One of the direct consequences of the recent sexual misconduct and sexual harassment revelations concerning men and power, be it in Hollywood, Washington D.C., and elsewhere, is that now, it seems, men of all walks of life, and professions, are feeling pressurized to step forward and say what they know, when they knew it, to confess and repent. Even when it comes to the matter of art criticism, male critics do not feel safe. Whose art you choose, and how you choose to frame your criticism, could reveal you as being complicit in patriarchy and sexual exploitation.
To wit, Julian Barnes and Peter Schjeldahl. Both art critics, though the former makes his living as a fiction writer, Barnes, in the January 4 2018 issue of the London Review of Books reflects on French Impressionist Edgar Degas and his representation of women, while Schjeldahl glosses his relationship with the Surrealist Balthus in The New Yorker, and that artist’s obsession with pubescent girls.[i] The differences between the two critics could not be starker, and their relationships with artist, and their reading publics. Both speak to the scrutiny that the recent #MeToo movement has brought to men’s actions and words towards women: at least, if they are listening (the Golden Globes being a shining example, it would seem, of men not being tuned in).
But what is the proper response to artists – dead artists, who cannot explain nor defend themselves – that some people accuse of producing work that relies heavily on voyeurism and sexual objectification for its effect, and even the artist’s achievement? Barnes quite intelligently, and skillfully derides, those who claim that Degas was a pervy onlooker, an artist who used models and real-life situations (the ballet, laundresses, horse-races, brothels) to debase women, and art along the way. Barnes puts it thus: “But has there ever been a major artist whose portrayal of women has received more abuse that Degas? […] Degas’s work has been held to be an offence against both art and women, and against society’s understanding of them.”[i] Degas himself stated that he wanted to watch women as if through a keyhole, Barnes points out, adding that “in many of his nudes the model’s face is turned away from us. Keyhole – voyeur – perv – obliterator of women’s individuality; so runs the easy, moralizing elision.[ii] So what does Barnes really think?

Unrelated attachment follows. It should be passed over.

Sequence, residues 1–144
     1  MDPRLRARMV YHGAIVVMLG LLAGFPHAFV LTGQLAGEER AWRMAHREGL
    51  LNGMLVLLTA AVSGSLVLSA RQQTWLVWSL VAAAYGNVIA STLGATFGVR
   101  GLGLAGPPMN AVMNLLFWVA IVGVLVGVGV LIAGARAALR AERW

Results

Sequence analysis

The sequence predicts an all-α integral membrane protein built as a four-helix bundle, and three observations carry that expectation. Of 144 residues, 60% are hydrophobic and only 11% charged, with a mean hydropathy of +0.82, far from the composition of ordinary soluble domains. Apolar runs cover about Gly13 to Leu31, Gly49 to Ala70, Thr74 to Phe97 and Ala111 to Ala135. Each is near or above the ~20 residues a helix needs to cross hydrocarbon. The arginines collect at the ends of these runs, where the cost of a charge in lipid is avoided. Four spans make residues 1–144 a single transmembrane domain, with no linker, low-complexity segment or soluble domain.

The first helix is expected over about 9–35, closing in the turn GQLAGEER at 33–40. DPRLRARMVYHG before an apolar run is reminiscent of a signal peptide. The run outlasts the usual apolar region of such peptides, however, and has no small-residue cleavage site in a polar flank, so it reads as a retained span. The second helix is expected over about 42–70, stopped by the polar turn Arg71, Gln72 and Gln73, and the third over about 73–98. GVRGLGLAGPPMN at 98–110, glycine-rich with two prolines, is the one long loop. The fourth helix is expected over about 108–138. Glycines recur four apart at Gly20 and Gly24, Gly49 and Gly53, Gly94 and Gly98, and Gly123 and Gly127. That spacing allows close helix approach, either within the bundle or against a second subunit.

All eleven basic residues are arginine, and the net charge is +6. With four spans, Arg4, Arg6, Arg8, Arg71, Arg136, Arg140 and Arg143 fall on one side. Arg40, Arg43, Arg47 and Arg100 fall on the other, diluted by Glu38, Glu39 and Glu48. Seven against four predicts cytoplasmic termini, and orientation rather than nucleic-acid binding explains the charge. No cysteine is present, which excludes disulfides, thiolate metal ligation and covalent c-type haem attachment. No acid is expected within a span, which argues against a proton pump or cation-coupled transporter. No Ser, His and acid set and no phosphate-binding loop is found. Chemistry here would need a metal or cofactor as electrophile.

We’ll get back to Barnes on Degas, but let us now dispatch or Schjeldahl and Balthus, in particular the Met’s Thérèse Dreaming, an always controversial painting and one that, in the current political climate, that thousands of people have called to be removed from public view. The reason? As Schjeldahl puts it, “because it brazens the artist’s letch for pubescent girls – which he always haughtily denied, but come on! The man was a creep. The subject sits with head turned, eyes closed, and a knee raised to expose her panties.”[iii] Now perhaps I have been inured to nude and/or erotic paintings by years of museum of gallery and museum going. I get it. This painting by Balthus, and others, eroticize young girls, not even close to adulthood. Other painters do this, sculptors as well, many of them who have also been ostracized as sexist and exploitative. Does this devalue the work of art? At what point does the painting’s notoriety, and the painter’s lack of moral compass, or interest in battling inequality, become decisive factors. Certainly, Balthus comes off as a perv in some paintings. But, then as well, he was a Surrealist, and part of their project was to shock the bourgeoisie. What better way to do that than to eroticize the middle class’s daughters? Not that he would be the last: Madison Avenue has been making money off of this tactic for decades now. Its seems that Balthus’ main crime is to do so in the name of high art. Balthus’ genius, albeit a creepy one, lies perhaps in the fact that his fame rests on paintings that eroticize the underage, cementing his notoriety, while allowing him to spend hours in the company of young models.
As for Degas, Barnes goes on to point out – and anyone who has seem much of his work, for example at the Orsay, Norton Simon, Met, Jeu de Paume and other museums – can see that the “keyhole” paintings he chose to make were, more often than not mundane, not particularly erotic, often empathetic portraits capturing intimate, yet unremarkable moments, and focusing – as Impressionists were wont to do – on line, color, shadow, composition, light and atmosphere. Why nudes? Again, the artist’s bread and butter, and how you were trained. Nothing more difficult than to paint and draw the human musculature and form, in different light, in different poses, that expresses not only the artist’s skill and eye, but also reveals the personality and social setting of the sitter(s). Was Degas a perv because he seemed to repeatedly go for ballerinas and washerwomen? Perhaps, but again, agreeing with Barnes, there is nothing particularly pervy about the paintings. The dancers, while healthy enough, also look lean and taught – he catches their athleticism and grace, without leaning much at all towards the erotic.